Valley Fever often misdiagnosed

Feb 28, 2011 By Robert Rappaport

While common in Arizona, Valley Fever often is misdiagnosed in patients, leading to a litany of problems. The infection is caused by inhaling a fungus that lives in the soil and becomes airborne by wind, dust storms, digging and other activities.

Valley Fever causes symptoms such as coughing, , fever, weight loss and night sweats--symptoms caused by many different kinds of .

“In the office, a doctor isn’t able to tell what kind of pneumonia you have--whether it’s , or a bacterial pneumonia or a viral pneumonia--unless specific tests are done,” says Dr. John Galgiani, director of the Valley Fever Center for Excellence at the University of Arizona.

“Unless a doctor decides to do those tests, they may just assume it’s a bacterial infection (and) treat for that. As it turns out, in our part of the country, a third of those people actually have a fungal infection, not a bacterial infection ... so, the treatments really don’t help, because they aren’t therapeutic for a fungal infection.”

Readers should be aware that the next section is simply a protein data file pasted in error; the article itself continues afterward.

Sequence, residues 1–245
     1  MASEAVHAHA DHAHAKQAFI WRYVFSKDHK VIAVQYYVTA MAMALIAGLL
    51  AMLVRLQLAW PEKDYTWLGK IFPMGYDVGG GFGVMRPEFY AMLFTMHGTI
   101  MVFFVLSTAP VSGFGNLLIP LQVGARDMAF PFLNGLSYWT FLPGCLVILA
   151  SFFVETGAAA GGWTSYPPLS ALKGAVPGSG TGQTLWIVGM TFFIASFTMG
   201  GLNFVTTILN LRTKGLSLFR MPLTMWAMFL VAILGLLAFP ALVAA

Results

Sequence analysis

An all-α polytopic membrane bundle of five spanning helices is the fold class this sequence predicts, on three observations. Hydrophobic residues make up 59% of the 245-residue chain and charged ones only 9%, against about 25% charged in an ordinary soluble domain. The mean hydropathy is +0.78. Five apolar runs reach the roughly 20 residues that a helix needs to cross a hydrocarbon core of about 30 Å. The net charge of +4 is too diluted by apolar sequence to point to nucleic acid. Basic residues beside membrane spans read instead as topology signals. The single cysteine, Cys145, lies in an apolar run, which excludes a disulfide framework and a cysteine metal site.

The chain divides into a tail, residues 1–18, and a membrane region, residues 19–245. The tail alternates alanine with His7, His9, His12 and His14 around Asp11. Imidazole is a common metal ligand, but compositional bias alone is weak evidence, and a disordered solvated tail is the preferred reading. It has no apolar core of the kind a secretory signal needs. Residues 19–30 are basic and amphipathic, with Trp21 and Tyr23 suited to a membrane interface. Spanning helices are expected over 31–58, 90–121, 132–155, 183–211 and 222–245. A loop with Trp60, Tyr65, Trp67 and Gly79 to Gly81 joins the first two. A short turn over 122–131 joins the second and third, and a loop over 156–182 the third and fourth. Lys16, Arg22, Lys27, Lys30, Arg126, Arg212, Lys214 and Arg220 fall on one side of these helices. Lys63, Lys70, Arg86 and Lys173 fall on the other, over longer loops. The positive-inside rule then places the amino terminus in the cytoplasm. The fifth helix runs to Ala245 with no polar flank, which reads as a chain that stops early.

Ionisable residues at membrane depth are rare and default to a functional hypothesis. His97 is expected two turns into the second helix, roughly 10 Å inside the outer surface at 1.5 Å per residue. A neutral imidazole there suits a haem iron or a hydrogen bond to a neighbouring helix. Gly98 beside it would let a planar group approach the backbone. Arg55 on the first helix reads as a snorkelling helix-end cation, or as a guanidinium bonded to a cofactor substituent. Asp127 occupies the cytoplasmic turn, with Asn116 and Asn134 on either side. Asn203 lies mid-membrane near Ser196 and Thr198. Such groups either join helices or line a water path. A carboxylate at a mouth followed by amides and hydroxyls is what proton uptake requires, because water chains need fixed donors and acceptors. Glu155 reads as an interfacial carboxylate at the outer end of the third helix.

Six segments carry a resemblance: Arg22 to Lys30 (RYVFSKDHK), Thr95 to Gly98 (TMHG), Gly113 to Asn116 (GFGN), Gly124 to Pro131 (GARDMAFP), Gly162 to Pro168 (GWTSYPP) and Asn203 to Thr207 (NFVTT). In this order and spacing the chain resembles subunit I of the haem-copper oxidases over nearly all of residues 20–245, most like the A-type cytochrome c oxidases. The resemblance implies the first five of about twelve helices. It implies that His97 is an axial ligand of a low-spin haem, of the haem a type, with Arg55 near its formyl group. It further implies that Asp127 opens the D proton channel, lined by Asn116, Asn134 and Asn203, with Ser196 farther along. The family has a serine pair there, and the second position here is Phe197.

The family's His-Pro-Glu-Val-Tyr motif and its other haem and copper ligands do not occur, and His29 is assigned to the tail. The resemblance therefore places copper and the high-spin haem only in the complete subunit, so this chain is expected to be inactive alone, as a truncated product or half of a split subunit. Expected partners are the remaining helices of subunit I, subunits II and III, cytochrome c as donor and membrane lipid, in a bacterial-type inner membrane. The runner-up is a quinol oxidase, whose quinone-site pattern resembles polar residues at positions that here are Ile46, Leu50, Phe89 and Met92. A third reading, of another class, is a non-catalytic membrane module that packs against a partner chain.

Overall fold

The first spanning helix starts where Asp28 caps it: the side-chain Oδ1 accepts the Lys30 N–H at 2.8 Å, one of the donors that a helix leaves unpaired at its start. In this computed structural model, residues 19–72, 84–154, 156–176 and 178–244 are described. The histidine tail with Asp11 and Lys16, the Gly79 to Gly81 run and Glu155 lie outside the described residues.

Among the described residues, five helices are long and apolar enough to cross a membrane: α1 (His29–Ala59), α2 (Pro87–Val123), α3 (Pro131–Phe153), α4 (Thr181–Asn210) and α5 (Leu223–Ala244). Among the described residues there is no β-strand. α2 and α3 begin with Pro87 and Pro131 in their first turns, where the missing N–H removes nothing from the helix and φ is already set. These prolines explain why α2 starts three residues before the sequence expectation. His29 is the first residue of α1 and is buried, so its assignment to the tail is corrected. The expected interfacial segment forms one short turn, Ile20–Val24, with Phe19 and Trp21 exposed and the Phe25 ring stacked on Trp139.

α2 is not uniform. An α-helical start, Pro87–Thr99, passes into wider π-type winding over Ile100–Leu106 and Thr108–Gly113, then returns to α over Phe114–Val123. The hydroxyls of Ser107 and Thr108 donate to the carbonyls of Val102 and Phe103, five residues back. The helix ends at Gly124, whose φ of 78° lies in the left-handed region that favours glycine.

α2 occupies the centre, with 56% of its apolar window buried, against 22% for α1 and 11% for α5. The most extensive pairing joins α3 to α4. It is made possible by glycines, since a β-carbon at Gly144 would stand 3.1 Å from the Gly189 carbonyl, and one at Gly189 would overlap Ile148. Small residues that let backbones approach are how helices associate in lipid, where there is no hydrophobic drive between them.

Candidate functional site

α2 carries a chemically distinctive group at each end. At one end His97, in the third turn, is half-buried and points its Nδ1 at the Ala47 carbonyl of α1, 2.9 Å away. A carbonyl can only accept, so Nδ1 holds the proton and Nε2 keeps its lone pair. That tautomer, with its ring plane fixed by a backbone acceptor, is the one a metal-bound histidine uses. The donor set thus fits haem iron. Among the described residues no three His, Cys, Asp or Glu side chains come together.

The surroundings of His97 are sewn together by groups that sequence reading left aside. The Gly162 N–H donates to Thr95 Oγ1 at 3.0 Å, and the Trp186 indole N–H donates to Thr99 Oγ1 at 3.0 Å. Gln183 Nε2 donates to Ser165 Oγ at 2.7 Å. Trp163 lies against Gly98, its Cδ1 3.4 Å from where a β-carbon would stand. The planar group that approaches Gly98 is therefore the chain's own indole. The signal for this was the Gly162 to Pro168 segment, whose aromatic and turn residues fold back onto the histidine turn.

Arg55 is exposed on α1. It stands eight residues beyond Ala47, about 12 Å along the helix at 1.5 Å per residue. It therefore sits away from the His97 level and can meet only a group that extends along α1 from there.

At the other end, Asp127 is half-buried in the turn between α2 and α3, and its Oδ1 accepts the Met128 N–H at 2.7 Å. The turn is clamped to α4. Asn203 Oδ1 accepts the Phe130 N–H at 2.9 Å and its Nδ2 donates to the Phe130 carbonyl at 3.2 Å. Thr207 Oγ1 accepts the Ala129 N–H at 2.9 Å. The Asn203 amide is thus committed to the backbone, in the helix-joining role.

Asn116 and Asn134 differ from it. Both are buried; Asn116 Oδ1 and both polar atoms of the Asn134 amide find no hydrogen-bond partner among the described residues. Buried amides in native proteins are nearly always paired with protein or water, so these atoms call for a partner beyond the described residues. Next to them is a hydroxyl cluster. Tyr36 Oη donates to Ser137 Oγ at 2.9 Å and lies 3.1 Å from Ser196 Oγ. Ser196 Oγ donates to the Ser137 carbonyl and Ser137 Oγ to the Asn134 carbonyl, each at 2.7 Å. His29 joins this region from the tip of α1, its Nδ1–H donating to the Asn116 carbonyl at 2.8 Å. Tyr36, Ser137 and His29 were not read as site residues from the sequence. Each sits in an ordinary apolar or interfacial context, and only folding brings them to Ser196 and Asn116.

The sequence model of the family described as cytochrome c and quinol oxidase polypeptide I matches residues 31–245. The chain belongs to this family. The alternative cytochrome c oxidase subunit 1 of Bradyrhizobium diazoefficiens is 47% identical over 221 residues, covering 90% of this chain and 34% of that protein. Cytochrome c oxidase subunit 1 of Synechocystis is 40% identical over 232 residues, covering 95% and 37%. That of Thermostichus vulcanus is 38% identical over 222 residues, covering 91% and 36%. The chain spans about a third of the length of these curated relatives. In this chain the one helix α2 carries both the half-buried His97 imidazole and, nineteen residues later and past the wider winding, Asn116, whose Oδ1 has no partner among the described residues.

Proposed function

A simple blood test can help diagnose Valley Fever, Galgiani says, but up to 90 percent of doctors don’t order the tests.

Aside from the high rate of misdiagnosis, the fungal infection usually isn’t bad enough to require medicine. Two out of three cases aren’t severe enough to require medical attention and many people may never even know they’ve been infected, says Galgiani.

There is a one in 30 chance of contracting Valley Fever for each person in our community who has not yet had it, he says.

In rare cases, however, Valley Fever can cause serious illness and even be fatal. Tucker Peck knows firsthand what it’s like to have Valley Fever and be treated for something else.

The 28-year-old graduate student in the University of Arizona’s Clinical Psychology Program moved to Tucson 2 ½ years ago and that’s when his troubles began. After a series of both positive and negative tests for Valley Fever, his condition began to deteriorate after being prescribed the incorrect course of drug treatment.